Health officials in South Africa said that they are halting the use of the Oxford-AstraZeneca COVID-19 vaccine. This decision was taken after a study showed that the jab can provide minimal protection against mild and moderate cases of the new Coronavirus variant which was first identified in the African country.
South Africa Minister of Health Dr. Zweli Mkhize said on Sunday, February 7, that the hold would be temporary until scientists figure out how to solve the issue. However, the minister also assured that the country will move forward with the deployment of vaccines made by Pfizer-BioNTech and Johnson & Johnson.
"What does that mean for our vaccination program which we said will start in February? The answer is it will proceed. From next week for the next four weeks we expect that there will be J&J vaccines, there will be Pfizer vaccines," said Mkhize.
South Africa plans to vaccinate at least 67 percent of the country's population -- around 40 million people -- by the end of 2021. The African country has recorded almost 1.5 million novel Coronavirus infections and over 46,000 COVID-19 deaths since the beginning of the pandemic.
AstraZeneca Vaccine and South African Variant
According to the new data, which was released on Sunday, two doses of the COVID-19 vaccine developed by the University of Oxford and pharmaceutical company AstraZeneca can provide only "minimal protection" against the mild and moderate diseases from the South African variant, dubbed B1351 -- first found in mid-November 2020.
The study suggesting the less efficacy of the vaccine has not been published. It included almost 2,000 volunteers who were an average of 31 years old. About half of these participants received the Oxford-AstraZeneca vaccine, while others received a placebo.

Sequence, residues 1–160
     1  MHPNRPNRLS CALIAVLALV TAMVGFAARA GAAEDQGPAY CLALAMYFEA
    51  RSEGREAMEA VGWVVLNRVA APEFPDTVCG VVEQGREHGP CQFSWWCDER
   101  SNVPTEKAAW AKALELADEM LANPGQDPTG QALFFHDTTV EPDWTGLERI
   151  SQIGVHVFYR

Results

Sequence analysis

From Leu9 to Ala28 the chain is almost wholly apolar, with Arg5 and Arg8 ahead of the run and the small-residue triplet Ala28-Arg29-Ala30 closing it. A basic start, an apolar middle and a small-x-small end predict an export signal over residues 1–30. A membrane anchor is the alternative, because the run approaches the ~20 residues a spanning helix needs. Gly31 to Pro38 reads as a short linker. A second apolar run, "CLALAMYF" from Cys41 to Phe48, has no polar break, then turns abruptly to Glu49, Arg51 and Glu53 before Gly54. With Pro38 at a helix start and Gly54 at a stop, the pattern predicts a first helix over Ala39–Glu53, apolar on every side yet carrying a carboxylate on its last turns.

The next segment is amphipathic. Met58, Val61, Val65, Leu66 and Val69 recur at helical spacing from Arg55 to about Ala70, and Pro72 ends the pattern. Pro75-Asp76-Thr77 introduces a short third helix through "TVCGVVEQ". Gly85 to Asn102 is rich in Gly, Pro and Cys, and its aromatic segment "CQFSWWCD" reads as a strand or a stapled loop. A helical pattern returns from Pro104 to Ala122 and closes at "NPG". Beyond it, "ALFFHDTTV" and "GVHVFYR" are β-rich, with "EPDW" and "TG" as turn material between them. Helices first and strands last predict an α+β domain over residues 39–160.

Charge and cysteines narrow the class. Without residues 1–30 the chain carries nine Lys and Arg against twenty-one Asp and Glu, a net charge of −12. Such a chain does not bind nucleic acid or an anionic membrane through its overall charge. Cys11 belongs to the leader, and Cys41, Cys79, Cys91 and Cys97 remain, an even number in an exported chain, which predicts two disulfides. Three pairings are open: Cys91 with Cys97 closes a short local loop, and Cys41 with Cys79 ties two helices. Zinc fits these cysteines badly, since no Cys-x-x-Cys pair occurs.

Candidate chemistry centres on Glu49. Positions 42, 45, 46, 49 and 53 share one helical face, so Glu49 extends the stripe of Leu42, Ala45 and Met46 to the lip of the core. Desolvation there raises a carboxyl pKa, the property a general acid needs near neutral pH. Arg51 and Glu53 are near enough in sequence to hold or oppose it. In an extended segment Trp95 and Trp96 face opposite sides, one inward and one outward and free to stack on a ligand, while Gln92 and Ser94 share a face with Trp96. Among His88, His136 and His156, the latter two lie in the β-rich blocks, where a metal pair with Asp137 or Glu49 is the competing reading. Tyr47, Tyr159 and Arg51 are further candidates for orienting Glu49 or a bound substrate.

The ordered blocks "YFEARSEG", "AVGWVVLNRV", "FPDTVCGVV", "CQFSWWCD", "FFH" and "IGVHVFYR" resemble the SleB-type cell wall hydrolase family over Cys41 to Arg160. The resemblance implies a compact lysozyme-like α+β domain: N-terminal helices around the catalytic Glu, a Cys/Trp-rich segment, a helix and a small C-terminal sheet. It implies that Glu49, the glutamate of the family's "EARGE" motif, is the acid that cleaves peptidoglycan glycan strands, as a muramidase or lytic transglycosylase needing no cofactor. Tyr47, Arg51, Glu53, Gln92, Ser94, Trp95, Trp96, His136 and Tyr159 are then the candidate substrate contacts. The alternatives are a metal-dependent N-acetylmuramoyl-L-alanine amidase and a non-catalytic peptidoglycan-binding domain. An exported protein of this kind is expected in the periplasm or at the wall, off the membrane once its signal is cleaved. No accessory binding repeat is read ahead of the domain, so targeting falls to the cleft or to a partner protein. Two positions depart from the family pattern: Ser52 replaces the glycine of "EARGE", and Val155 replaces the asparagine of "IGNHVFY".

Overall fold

Researchers said in a news release that the viral neutralization against the new South African variant was "substantially reduced" when compared to the earlier strain of Coronavirus. However, the efficacy of the vaccine against the severe COVID-19 cases, hospitalization and death were not assessed.
The findings of the study by researchers from South Africa's University of Witwatersrand and others, as well as from the University of Oxford have been submitted for peer-review. According to Oxford, a preprint will be released soon.
However, AstraZeneca stated that the company is now working closely with the health ministry of South Africa on how to support the evaluation against severe COVID-19 caused by the new variant. The company believes that the vaccine will still protect against severe disease from the South African variant, specifically when the dosing interval is eight to 12 weeks.
As the new findings raised concern among researchers, Maria Van Kerkhove, World Health Organization's technical lead for Covid-19 said on Sunday that an independent WHO's vaccine panel will meet Monday, February 8, to discuss the AstraZeneca vaccine. The panel will also talk about the findings of the study and what it means for vaccines going forward.
Kerkhove said: "Some preliminary studies suggesting reduced efficacy. But again, those studies aren't fully published yet." She explained that it would be critical to have more than one safe and effective vaccine and the world cannot rely on only one product.